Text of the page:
Susan Swaffield

Dr Sue Swaffield


Sue is an Associate Professor at the Faculty of Education. Her teaching and research interests are within the fields of educational leadership, school improvement and assessment.

Susan Swaffield

Sue has spent all her life in education - as a student, teacher, researcher, academic - and always as a learner. She studied geography, education and mathematics in Cambridge at what was then Homerton College of Education, where she was also sabbatical president of the student union. After qualifying as a teacher with a Certificate of Education and a BEd Sue taught in state schools for ten years (both primary and secondary phase), including a year on exchange in Australia. Involvement in the national pilot of an initiative to celebrate pupils’ full range of achievements and to support them in recording and planning their personal development led to a decade of working as an adviser in two very different local authorities. Sue led professional development programmes, worked closely with headteachers to improve the quality of education in a wide variety of schools, and was involved in university-school research projects.

In 2000 Sue was appointed to the Faculty of Education as a Lecturer for educational leadership and school improvement, researching in these areas and teaching predominantly on masters, doctoral and continuing professional learning programmes with both full and part-time students. Having completed two masters degrees and her PhD while also working full-time Sue is keenly aware of the demands of part-time graduate study.

She is a past president and honorary life member of the Association for Achievement and Improvement through Assessment (AAIA), Associate Editor of the journal ‘Professional Development in Education’, and on the editorial advisory board of ‘Assessment in Education: principles, policy and practice’. Sue was a Syndic of Cambridge University Press and Assessment for nine years, a role that with her approaching retirement she has recently relinquished.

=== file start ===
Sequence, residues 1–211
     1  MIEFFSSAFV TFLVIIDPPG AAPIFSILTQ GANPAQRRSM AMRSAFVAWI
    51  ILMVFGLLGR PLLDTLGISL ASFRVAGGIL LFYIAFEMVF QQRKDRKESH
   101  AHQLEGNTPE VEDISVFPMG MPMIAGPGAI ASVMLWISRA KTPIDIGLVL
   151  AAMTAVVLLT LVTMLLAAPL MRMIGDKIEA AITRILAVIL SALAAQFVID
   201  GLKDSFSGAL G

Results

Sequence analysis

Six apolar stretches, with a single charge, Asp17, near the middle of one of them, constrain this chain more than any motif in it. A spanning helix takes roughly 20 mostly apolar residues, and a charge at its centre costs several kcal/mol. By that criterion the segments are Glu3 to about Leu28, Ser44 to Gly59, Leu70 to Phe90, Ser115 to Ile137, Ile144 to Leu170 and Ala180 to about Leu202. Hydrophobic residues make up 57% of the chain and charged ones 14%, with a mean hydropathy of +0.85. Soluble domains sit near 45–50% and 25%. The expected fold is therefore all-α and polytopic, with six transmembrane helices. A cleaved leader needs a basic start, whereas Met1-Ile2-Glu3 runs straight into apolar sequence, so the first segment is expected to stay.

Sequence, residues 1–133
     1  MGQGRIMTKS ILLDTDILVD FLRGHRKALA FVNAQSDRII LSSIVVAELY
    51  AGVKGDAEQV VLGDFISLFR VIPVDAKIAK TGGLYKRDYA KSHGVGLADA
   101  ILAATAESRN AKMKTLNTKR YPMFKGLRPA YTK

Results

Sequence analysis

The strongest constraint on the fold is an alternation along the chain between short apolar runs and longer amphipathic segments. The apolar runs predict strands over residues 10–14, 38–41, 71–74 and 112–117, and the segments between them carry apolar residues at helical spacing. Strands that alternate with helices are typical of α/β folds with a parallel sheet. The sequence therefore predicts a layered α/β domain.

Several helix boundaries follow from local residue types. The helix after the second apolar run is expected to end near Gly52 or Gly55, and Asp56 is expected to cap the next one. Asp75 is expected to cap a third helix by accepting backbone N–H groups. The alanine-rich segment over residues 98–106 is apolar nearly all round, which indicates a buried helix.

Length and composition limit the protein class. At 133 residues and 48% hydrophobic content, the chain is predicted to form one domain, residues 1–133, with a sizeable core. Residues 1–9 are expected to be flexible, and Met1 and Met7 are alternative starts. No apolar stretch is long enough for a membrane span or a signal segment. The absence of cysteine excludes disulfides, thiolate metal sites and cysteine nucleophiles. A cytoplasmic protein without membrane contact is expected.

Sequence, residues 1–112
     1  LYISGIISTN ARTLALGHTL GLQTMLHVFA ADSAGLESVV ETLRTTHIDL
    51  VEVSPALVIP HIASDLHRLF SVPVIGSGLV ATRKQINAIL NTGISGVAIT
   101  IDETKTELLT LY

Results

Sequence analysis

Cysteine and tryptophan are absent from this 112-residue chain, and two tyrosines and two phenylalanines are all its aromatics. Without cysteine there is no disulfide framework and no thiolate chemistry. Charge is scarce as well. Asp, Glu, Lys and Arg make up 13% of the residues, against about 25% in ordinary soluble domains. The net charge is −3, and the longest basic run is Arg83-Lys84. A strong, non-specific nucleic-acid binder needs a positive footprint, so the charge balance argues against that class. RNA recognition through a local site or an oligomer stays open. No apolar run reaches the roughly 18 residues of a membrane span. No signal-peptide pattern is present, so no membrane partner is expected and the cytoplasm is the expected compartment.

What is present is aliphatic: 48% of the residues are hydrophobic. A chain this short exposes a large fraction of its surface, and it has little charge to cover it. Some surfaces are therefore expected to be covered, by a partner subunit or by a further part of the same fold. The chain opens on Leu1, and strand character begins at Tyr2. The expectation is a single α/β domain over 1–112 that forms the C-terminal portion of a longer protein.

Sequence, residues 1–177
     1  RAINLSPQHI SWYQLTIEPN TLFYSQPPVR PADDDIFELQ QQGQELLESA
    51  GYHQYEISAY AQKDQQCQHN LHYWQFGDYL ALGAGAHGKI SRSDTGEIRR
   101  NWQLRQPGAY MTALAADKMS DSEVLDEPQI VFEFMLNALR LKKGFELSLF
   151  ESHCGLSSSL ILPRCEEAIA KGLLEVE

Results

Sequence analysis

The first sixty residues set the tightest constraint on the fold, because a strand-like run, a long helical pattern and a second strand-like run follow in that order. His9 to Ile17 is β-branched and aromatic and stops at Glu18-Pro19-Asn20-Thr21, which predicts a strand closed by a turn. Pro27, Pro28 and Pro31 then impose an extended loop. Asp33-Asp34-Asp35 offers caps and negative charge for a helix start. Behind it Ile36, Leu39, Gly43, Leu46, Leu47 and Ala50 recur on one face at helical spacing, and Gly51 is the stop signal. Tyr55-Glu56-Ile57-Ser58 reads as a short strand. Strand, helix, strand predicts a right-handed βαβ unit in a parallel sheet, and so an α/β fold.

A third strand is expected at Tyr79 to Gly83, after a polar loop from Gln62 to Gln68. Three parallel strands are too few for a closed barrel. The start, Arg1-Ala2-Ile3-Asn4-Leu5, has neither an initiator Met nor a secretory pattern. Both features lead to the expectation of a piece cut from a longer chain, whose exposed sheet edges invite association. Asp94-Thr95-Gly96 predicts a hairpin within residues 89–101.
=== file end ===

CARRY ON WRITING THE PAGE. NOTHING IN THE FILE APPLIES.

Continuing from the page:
Sue’s enduring principal areas of research are Leadership for Learning, critical friendship, and Assessment for Learning. Much of her research is integrated with school improvement and professional learning projects, in the UK and internationally.

In 2001, together with John MacBeath and David Frost, Sue founded the values-based ‘Leadership for Learning (LfL) Cambridge Network’, and has played a lead role ever since. LfL is concerned with the connections between leadership and learning, both conceived of as activity, and has influenced the thinking and practice of teachers, school leaders, academics and policy-influencers in over 100 countries worldwide. The LfL framework and principles that are so prominent in Sue's work were developed through a seven-country project that she co-directed, and have subsequently been adopted in many contexts around the world, including in Ghana. The LfL Ghana programme focused on building headteachers' leadership capacity throughout the country, and was undertaken in collaboration with the University of Cape Coast and the Ghana Education Service. This work started in 2008, and while responsibility now lies entirely within Ghana Sue continues to support it however she can. Recent and current endeavour focuses on Leadership for Professional Learning though collaboration with a growing international community that comes together through an ongoing symposium series; intense structured dialogue involves the sharing and testing of ideas, leads to publications, and forges connections across the world that takes the work forward practically and academically.

Sue's career long involvement with Assessment for Learning has included research and development projects large and small, a wide range of publications, and numerous presentations, courses and workshops. She also studies and promotes critical friendship, particularly in relation to school leaders and among graduate students.